I didn’t really notice Phil Noble’s release earlier about Rick Perry and Ben Bernanke (I’m drowning in email), until it was also forwarded to me by Samuel Tenenbaum today. Here’s the full release, and here’s an excerpt:
Noble Calls on Perry to Apologize for ‘Unacceptable’ Attack on South Carolina Native Son Bernanke
In response to Texas Governor Rick Perry’s continuing suggestions that South Carolina born-and-bred Federal Reserve Board Chairman Ben Bernanke is not acting with America’s best interests at heart, SC New Democrats president Phil Noble is calling on the GOP front-runner to apologize.
“In the last few days,” Noble said, “Rick Perry has called our native son Ben Bernanke ‘treacherous’ and ‘treasonous’ and has questioned what his ‘true goal is for the United States.’ Somebody needs to tell Mr. Perry that we don’t talk that way about central bankers here in the South Carolina, and we certainly don’t talk that way about central bankers who happen to be Jewish.”
Noble continued, “The stereotype of the ‘treacherous” or ‘treasonous’ Jewish banker is one of the most poisonous slurs in all of recent Western history. And whether Rick Perry is exploiting this anti-Semitic stereotype today out of true malice or simple ignorance of that long and tragic history doesn’t really matter. Either way, it’s completely unacceptable, and he needs to apologize to Mr. Bernanke and all the people of our state for this grossly inappropriate attack on one of our most distinguished native sons before his Texas boot heel touches South Carolina soil again.
“Or, to put this in terms that even the Governor should understand: Gov. Perry, don’t mess with South Carolina.”
Samuel offered his own observation, which I’ve heard him make before in different contexts:
Remember Campbell and his political anti-Semitism [a reference to the campaign against Max Heller]? It is the old nod and wink game here. Call it the “nink.” Those who have the correct receptors get his message and those who do not, never would associate anti-Semitism with his statement.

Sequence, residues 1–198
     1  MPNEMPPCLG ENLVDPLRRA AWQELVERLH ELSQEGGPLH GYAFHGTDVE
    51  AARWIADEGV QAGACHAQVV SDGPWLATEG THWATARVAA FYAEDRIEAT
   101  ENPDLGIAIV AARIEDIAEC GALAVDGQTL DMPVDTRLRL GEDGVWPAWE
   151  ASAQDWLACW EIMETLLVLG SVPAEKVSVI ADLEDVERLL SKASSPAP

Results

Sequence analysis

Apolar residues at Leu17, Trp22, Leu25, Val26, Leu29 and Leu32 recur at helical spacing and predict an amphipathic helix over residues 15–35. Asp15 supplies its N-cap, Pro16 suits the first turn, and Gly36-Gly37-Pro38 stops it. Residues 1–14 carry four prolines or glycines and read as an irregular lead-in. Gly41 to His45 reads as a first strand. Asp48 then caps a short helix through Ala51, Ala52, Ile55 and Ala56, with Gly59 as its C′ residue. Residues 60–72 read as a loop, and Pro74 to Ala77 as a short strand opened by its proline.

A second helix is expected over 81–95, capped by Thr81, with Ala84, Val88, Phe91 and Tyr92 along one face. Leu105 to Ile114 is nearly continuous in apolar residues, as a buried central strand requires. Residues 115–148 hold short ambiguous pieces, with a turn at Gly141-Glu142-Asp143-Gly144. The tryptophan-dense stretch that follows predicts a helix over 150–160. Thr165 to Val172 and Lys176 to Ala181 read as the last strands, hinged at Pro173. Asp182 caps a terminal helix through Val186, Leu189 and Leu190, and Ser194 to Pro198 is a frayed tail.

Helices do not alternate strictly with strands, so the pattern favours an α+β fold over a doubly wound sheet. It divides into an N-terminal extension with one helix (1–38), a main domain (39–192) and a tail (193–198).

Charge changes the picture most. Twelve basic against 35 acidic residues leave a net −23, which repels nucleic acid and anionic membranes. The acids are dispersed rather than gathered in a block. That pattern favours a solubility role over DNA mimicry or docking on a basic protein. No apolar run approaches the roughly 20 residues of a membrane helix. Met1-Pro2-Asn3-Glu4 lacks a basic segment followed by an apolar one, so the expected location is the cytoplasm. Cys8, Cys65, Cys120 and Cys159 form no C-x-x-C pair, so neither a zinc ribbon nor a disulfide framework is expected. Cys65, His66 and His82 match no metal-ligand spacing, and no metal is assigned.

True, as a goy, I did not at first associate what Perry said with Bernanke’s Jewishness. But then, I had not initially heard that one bit of comment from Perry, “… I think there will continue to be questions about their activity and what their true goal is for the United States.” To a Catholic, that sounds familiar. But still…
Samuel and I have a lot of discussions about stuff like this. We went to see “The Passion of Jesus Christ” together, along with Moss Blachman, on Saturday in 2004, and then we all went to lunch and debated it. We did not see it the same. But we agreed about one thing: We didn’t like the movie.
Bottom line, I don’t think Perry is going after Bernanke because he’s Jewish any more than because he’s from South Carolina. I think Perry is going after him because a section of the electorate he’s trying to woo deeply dislikes the Federal Reserve, and Bernanke just happens to be its current chairman. The Fed chair could have been a gentile from Oregon, and for that matter could be pursuing policies completely different from Bernanke’s, and Perry would still be on his case.
That’s what I think.